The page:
Coldwater fish are also great first-time pets for children, under adult supervision. And feng shui experts say that a well-placed aquarium can harmonize the energies in the home. (Don't believe in that? Well, you have to admit that fish are relaxing to watch.)

What you need to consider
If only a pet who'll follow you around, lick your face or play fetch will do, a finned friend is not for you. And NO, you cannot go to the pet store, buy a fish and just dump him in a bowl with tap water when you get home. Not only have you thrown your money away, you've bought a slow death for your pet. There's a lot to learn about fish keeping. For starters, we recommend that you get your tank up and running a week before you even think about adding fish.

WAY TO GO if you do major research, get all your equipment beforehand and know what species are safe to keep together. If you've done your homework, you probably know that common goldfish can live for more than 10 years if properly cared for…it's a longer commitment than most people think!

 
GUINEA PIG
They're not pigs and they're not from New Guinea, but these cuddle bugs are the most docile-and vocal-of all companion rodents. Readily tamed and easy to handle, GPs love to sit on their humans' laps, too. Under adult supervision, guinea pigs are excellent first pets for children.

What you need to consider
These little critters aren't the kind of pets you can passively watch through the bars of the cage. They need time out to exercise every day. Do you have what it takes to be a guinea pig's gym coach? And it's a great idea to keep two or more of these social animals together, just make sure you have adequate housing for them. (Please don't keep males and females together, unless they are spayed or neutered.)

WAY TO GO if you're looking for a gentle pet who's fun for the whole family. Ensure to do your reading-these guys have special dietary needs.

HAMSTER
Off the charts when it comes to cuteness, hamsters are busy little rodents who are very popular with children. Good choice for apartment dwellers.

What you need to consider
It's no accident that "NO" spells out the first two letters of NOCTURNAL. Did you know that hamsters sleep during the day and are active at night? Unfortunately, most first-time hamster owners aren't aware of this, and try to wake up their cuddly ball of fur bright and early every morning only to get nipped on the finger. Repeatedly. These tiny little guys need gentle handling, if you please. Syrian hamsters are solitary and must be kept alone. Dwarf hamsters are more social, so make sure you know what species you are bringing home.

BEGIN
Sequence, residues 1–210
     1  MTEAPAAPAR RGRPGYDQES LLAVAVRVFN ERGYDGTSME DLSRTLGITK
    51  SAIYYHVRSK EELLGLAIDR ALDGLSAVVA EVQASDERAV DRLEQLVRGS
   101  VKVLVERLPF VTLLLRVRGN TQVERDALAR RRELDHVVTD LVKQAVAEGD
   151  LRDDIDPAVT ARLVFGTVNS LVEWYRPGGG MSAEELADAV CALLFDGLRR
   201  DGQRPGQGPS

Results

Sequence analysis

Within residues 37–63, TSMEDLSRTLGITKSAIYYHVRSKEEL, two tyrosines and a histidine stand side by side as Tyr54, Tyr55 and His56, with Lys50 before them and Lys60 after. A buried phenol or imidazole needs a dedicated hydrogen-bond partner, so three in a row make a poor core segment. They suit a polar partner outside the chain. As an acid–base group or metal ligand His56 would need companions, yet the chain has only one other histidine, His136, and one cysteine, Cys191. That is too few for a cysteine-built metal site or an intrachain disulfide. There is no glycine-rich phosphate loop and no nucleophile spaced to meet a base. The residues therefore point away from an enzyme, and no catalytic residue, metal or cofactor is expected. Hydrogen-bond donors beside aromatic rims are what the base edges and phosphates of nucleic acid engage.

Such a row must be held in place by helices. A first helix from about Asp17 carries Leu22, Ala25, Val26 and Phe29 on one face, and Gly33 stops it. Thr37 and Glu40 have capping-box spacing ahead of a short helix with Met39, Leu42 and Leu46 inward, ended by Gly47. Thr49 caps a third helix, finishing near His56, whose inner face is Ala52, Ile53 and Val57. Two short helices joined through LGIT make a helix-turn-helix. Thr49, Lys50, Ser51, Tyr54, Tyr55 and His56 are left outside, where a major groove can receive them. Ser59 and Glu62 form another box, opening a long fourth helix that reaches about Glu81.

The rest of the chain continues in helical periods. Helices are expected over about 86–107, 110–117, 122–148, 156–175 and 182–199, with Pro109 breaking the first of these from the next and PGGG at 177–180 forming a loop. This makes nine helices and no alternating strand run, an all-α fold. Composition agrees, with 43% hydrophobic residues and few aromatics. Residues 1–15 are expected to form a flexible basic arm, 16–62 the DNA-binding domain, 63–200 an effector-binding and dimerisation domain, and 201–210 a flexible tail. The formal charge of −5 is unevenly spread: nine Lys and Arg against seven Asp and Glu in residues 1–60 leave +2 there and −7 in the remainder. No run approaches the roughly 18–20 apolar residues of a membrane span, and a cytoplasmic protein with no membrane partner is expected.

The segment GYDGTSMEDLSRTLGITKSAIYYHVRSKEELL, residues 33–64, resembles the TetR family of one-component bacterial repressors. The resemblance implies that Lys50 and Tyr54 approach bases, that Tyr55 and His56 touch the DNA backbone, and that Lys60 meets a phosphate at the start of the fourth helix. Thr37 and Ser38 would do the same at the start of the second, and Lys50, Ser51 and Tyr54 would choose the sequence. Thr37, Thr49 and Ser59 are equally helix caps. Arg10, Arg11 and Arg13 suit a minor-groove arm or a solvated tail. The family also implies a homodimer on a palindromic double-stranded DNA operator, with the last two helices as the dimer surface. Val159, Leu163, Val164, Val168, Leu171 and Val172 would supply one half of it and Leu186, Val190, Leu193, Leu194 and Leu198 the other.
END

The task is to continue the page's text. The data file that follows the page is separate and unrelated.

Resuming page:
WAY TO GO if you're a night owl and/or won't be bothered by your pet eating, digging and running on his wheel in the wee small hours. Light sleepers may want to keep their hammy's cage out of the bedroom. Because of their nocturnal nature and tendency to bite when mishandled, we do not recommend hamsters for families with young children. As long as you understand that your pet needs his beauty sleep pretty much all day long, things should be fine…and painless.

RABBIT
They can be trained to use the litter box, they'll come when called, and their all-time favorite activities are to dig and to chew. Who knew? The sometimes sweet, sometimes sassy rabbit can be a great pet for the right family.

What you need to consider
1.) Rabbits cannot live outdoors! Although they've traditionally been kept in backyard hutches, these days we know better. Outside, rabbits can die of fright at the approach of a predator, and will be susceptible to diseases spread by ticks and other parasites. Rabbits need to dig and chew bigtime!

2.) In most cases, rabbits and young kids are a terrible match. No doubt, many children love bunnies-but they'll want to show their love by hugging and picking them up. Rabbits naturally feel insecure when picked up off the ground, and will do anything in their power (or in their powerful legs) to get down. An accidental fall can result in a broken bone. Better to wait until the kids are older.

WAY TO GO if you've done the research and understand exactly what rabbits need*--and understand the importance of having your bun spayed or neutered.

Adapted from the ASPCA